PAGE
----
[translations idioma=”ES” url=”https://archives.rgnn.org/2014/10/02/guia-de-madrid-gastronomia/”]
As the capital city of Spain, Madrid is a beautiful and lively city that has a range of different activities and places to see. MADbudget offers some insider’s guides to the lifestyle of Madrid and essential information for anyone planning a visit to the city.

MADRID, SPAIN. As a city, Madrid places a strong emphasis on its gastronomy. With foods such as ham, fish, manchego cheese, bread, and potatoes making their way into most of Spain’s typical platos. A walk along the streets of Madrid will confront passersby with window displays of hanging pigs, ready to be roasted, and bowling ball sized hunks of cheese, all while the scent of freshly baked baguettes wafts out onto the sidewalks from the neighboring bakeries. Madrid is a true “foodie’s” paradise.

And yet, as Spain’s capital city, Madrid is also home to more diverse food options for those looking to vary their palate. Although rare among madrileños, many Spanish foods are suitable for vegetarians and vegans alike. Gazpacho, a cold soup made with vegetables, usually tomato, is a meat-free option that can be found on just about any traditional Spanish menu. Other options include paella de verduras, or traditional spanish rice with vegetables, setas, or mushrooms, and espinacas con garbanzos, or spinach with chickpeas.

Vegetarians looking for safe options can also head to Spain’s many vegetarian-friendly restaurants. Yerbabuena, located around the corner from Plaza Mayor, offers a wide variety of vegetarian choices, and is happy to cater to those following other special diets, including vegans and celiacs. Other vegetarian restaurants include El Estragon in the city’s Latina area, serving up more traditional style Spanish food, and café-style Abonavida, in Chueca. Many gluten free restaurants, such as El Arrozal, on Calle Segovia, and bakeries such as Celicioso, off of Gran Via, also offer vegetarian options to their customers.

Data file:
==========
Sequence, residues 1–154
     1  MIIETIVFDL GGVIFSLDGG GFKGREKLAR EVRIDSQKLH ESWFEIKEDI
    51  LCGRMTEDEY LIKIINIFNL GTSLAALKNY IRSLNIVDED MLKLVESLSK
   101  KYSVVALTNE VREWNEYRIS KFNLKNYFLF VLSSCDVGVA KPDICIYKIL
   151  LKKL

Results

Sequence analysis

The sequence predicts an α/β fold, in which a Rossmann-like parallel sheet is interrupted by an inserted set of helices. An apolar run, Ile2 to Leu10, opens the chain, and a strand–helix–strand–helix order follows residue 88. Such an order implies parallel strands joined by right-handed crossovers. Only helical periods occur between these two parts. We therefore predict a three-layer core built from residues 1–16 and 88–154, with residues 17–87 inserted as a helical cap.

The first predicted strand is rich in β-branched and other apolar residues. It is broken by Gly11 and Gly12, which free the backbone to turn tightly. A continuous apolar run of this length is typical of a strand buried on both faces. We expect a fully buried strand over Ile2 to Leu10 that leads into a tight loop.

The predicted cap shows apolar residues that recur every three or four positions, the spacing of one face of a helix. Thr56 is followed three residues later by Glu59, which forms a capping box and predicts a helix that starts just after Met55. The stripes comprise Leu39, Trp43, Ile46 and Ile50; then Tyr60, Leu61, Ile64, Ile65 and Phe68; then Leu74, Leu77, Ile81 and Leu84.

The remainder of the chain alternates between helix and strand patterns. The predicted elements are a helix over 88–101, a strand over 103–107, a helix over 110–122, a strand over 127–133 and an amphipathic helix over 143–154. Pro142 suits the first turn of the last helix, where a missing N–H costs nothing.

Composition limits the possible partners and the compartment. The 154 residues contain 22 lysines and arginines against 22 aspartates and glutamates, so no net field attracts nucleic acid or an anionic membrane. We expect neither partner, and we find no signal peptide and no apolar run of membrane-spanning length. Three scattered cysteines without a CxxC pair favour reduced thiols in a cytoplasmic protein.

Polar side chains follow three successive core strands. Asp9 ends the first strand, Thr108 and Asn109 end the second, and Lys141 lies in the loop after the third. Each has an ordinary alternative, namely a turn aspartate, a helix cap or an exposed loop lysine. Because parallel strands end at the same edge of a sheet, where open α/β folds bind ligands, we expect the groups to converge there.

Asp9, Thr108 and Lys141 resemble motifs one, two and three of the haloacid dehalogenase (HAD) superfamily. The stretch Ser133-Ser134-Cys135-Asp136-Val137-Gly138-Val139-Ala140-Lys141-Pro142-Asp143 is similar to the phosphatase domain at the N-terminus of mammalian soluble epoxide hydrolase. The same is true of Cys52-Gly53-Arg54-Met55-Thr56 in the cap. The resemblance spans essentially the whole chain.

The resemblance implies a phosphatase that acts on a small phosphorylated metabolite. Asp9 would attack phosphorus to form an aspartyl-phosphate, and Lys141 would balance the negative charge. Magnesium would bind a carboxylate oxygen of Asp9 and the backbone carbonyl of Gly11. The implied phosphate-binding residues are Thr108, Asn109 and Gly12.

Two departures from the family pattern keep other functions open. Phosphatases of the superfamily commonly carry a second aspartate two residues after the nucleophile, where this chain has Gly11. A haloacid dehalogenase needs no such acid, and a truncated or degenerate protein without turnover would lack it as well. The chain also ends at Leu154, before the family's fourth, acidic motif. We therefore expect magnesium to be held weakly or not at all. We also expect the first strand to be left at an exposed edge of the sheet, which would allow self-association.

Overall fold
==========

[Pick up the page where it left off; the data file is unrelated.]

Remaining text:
Travelers in Madrid should also be warned of the eating habits followed within the city. While many countries recognize breakfast as “the most important meal of the day,” in Madrid, the morning meal is typically a piece of toast with jam or churros, accompanied by a cup of café con leche, coffee with milk, from the pasteleria.

Lunch, however, typically served around 2:00pm is the largest meal of the day, and is a grander occasion, with typical workday lunch-breaks lasting two hours. After the feast, many people enjoy a siesta, or daytime nap, before heading back to the office. Because of the long lunch break, workdays tend to end later.

Dinner doesn’t usually start until well into the night, around 10:00pm, and is a light meal consisting of tapas, or small plates meant to be shared, and wine or sangria. Compared to other major cities, Madrid is relatively cheap, allowing those on a budget to still enjoy the food culture. Many restaurants even offer a menu of the day for around €20, which includes multiple courses of food and a drink of choice.

For those looking for a quick drink, Madrid’s outdoor restaurants offer cheap and delicious options, from beer to the house wine, to cocktails and more. Traditional Spanish restaurants also tend to serve chips and olives with drinks, making the sit-down all the more cost efficient.

With endless food options, cheap prices, and vibrant atmospheres, Madrid’s gastronomy is something visitors will want to write home about.